PETER DOLEZAL: Bonds as risk moderators

Or not? Traditionally, bonds and bond funds in an investment portfolio have been considered reliable moderators of market risk.

Traditionally, bonds and bond funds in an investment portfolio have been considered reliable moderators of market risk. Is that still the case?

Over the past 60 or so years, stock markets enjoyed a dozen long stretches of Bull markets and a similar number of shorter-duration Bear markets. Investors could always rely on their bond holdings to temper volatility in equities — especially during negative markets.

Why were bonds so reliable in moderating the effect of stock market declines? This stemmed from the fact that bond values always move in the reverse direction to interest rates. When rates rise, bond value decline. When interest rates decrease, bond values increase.

Historically, a Bear equity market occurred because an economy was either entering recession, or already in one. In response, the Central Bank moved to reduce interest rates, thus creating a stimulative effect on the economy. This slowed the economy’s decline, eventually reversing itself when interest rates dropped sufficiently. As rates fell, investors holding bond products with assured coupon interest higher than market, would see their bonds rise in value. That increase in bond values would offset at least a portion of the decline in equity holdings.

Since this moderating effect of bonds proved itself over many decades, investors were often advised to hold bonds or bond funds in their portfolios. The only real question was how to apportion holdings between equities and bond holdings. Of course, when market rates increased, bond values declined, and investor gains in equity investments again were moderated, but in this case equity gains were partly offset. This was considered a worthwhile price to pay for the protection of overall portfolio values when equity markets declined. Investors could sleep easier knowing their portfolio value would always decrease by a smaller percentage than a periodic decline in equity markets.

Unfortunately, this historical moderating effect of bond holdings on portfolios can no longer be considered a sure thing.

In past decades, Central Banks always had the option of increasing or decreasing rates. However those rates were always at significant levels — often between four and seven per cent.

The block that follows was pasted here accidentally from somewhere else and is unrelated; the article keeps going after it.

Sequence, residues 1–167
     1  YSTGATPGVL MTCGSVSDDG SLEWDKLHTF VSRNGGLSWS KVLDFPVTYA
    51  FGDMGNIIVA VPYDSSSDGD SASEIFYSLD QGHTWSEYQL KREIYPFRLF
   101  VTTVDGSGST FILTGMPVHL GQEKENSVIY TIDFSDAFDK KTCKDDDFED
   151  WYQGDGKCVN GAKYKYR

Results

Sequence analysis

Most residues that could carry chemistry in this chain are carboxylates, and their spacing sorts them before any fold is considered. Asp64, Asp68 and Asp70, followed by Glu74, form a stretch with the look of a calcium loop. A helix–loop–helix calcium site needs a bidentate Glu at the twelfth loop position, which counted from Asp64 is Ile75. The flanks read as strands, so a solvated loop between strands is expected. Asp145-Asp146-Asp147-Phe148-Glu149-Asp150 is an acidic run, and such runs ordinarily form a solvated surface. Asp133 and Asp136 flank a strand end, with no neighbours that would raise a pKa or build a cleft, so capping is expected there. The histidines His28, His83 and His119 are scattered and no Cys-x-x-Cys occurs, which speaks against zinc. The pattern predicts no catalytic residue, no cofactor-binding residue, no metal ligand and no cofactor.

Today, Central Banks in every developed nation, including Canada, have cut interest rates to near zero. Hence, the predominant direction of future rates can only be upward.

When interest rates do increase, as they will, bond values will decline. Looking forward, the traditional safety net offered by bond holdings has been substantially eliminated.

Does this mean investors should avoid bond holdings altogether? Not really, but they must be aware that the level of risk moderation they previously enjoyed is now much reduced. If an investor holds individual bonds rather than bond funds, he will receive the coupon interest payments and, if the issuer of the bond stays in business, as the bonds reach their maturity date, receive the original issue value (usually $100 per bond). However, this will not have protected the bond during its term from value-fluctuations in response to interest rate changes. Despite this positive outcome at maturity, holding individual bonds severely limits the degree of diversification — and hence safety — that is available with much more diversified bond funds. On the other hand, since bond funds, unlike individual bonds, have no maturity date, no guaranteed payout value is available.

So what are today’s options for the Fixed Income component of a portfolio? Holding Cash or Money Market funds would generate virtually zero income, nor provide an opportunity for appreciation. GICs would fare a bit better but, with low yields and no capital appreciation, fail to match inflation. Individual bonds would fare better but represent higher risk due to limited diversification.

A credible option might be a one to five-year, low-cost, laddered Exchange-Traded (ETF) Corporate Bond Fund. This would produce around three per cent in annual yield, with limited downward pressure on capital values as interest rates increase. A solution could also include a carefully-selected Laddered Preferred Share Fund.

With most fixed income investments no longer delivering the automatic hedge against falling equity values, it becomes even more important to exercise great care in the choices made, both within the fixed income, as well as in the equity components of one’s portfolio.

 

A retired corporate executive, enjoying post-retirement as an independent Financial Consultant (www.dolezalconsultants.ca), Peter Dolezal is the author of three books, including his most recent, The Smart Canadian Wealth Builder.